“I was interested enough in WikiLeaks, state transparency, and emergent opposition networks to do five years in prison over such things, but I wasn’t interested enough that I would have voluntarily plowed through 500 pages of badly plotted failed-marriage razzmatazz by an author who’s long past his expiration date simply in order to learn what the Great King of the Honkies thinks about all this.” Barrett Brown reviews Jonathan Franzen’s Purity from prison. Pair with our own Lydia Kiesling’s review of the book.
In writing her novel The Last Neanderthal, which published this week, Millions staffer Claire Cameron relied on Jane Smiley’s motto for writing historical fiction: “you are there.” Bonus: Don’t miss our interview with Cameron, in which she describes her many “life-long obsessions.”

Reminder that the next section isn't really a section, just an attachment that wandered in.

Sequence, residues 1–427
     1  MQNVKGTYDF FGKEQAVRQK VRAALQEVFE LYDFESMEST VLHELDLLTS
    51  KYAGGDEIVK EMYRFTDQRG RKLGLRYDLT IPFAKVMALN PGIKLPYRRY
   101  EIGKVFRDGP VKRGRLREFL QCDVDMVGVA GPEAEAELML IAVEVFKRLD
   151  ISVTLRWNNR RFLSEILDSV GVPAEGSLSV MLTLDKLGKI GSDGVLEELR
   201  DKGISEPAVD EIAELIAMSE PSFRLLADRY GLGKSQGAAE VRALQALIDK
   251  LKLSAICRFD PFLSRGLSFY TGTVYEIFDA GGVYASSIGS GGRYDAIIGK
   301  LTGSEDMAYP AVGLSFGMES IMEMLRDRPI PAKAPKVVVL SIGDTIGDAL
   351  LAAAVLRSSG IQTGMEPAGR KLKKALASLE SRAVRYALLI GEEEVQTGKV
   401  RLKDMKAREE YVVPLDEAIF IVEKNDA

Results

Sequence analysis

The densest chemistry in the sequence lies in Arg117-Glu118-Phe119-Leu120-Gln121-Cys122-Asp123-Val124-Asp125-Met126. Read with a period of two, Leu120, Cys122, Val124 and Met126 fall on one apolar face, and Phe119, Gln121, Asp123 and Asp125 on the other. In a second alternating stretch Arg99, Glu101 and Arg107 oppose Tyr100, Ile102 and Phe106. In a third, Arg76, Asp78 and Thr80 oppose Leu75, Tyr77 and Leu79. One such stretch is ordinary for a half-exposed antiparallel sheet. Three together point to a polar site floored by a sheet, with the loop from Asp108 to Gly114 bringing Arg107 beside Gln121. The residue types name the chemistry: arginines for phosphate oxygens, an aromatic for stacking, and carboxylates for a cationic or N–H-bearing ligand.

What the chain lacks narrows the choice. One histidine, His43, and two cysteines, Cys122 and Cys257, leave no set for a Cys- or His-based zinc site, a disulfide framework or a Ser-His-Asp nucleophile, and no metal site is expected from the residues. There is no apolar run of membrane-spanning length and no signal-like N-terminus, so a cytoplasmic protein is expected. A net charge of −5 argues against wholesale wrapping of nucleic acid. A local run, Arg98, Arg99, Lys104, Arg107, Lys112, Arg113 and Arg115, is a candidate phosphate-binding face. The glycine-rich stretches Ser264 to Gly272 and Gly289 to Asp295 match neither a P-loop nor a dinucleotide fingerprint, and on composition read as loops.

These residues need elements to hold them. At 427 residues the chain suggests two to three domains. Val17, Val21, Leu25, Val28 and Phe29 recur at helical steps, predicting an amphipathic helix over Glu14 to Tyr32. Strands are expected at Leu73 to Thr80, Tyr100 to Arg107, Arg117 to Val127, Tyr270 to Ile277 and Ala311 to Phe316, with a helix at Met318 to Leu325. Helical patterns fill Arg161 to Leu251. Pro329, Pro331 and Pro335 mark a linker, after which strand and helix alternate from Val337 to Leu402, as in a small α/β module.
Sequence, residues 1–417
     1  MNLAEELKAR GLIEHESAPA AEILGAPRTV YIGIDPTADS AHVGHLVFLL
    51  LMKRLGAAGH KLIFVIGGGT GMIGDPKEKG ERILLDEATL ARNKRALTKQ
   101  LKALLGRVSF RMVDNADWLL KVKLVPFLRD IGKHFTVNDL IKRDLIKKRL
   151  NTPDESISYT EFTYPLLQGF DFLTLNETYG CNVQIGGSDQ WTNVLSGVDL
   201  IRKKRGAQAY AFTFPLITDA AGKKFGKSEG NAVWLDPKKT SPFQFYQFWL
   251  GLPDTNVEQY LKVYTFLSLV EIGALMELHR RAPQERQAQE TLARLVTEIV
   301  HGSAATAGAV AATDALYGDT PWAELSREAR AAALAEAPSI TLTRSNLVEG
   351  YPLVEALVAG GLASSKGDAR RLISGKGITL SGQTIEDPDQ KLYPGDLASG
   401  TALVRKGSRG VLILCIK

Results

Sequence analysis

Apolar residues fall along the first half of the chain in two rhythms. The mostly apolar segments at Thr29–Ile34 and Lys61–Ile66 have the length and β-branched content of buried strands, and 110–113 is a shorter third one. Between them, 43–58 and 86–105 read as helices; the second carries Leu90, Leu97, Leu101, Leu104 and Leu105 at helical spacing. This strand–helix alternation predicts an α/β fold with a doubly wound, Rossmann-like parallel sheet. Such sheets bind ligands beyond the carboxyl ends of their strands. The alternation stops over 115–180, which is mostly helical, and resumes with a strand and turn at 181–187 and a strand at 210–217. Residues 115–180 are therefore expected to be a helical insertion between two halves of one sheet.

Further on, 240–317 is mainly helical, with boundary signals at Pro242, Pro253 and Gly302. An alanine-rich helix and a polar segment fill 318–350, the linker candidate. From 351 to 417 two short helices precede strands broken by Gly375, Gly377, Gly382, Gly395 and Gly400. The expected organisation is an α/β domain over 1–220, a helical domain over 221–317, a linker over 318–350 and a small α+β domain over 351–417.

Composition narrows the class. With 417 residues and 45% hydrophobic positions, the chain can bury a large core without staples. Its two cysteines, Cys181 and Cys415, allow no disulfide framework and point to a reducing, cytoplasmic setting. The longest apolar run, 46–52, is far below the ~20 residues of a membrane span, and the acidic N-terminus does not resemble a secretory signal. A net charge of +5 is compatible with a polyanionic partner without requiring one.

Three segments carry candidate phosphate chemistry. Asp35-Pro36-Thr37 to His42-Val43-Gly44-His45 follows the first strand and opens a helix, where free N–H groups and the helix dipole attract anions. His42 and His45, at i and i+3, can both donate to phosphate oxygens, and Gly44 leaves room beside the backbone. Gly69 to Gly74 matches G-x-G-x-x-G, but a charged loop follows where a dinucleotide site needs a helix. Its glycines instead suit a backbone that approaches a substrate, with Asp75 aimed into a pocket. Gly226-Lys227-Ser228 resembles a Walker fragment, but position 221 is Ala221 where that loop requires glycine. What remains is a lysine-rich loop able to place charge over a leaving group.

Last week, popular science fiction author John Scalzi wrote a contentious (but necessary) blog post that likened the lives of straight white males to “the easiest difficulty setting” in the “videogame” known as life. While comments on the original post had to be closed due to uproar, the piece was reposted to Kotaku where the discussion rages on.
New this week: 300,000,000 by Blake Butler; Quick Kills by Lynn Lurie; A Different Bed Every Time by Jac Jemc; Sister Golden Hair by Darcey Steinke; J by Howard Jacobson; Electric City by Elizabeth Rosner; The Goddess of Small Victories by Yannick Grannec; The Letters of Samuel Beckett; Volume 3; and Blue Horses by Mary Oliver. For more on these and other new titles, check out our Great Second-half 2014 Book Preview.
“To the list of differences between men and women, we can add one more: the drug-dose gender gap. Doctors and researchers increasingly understand that there can be striking variations in the way men and women respond to drugs, many of which are tested almost exclusively on males.” On the strikingly persistent gender gap in pain.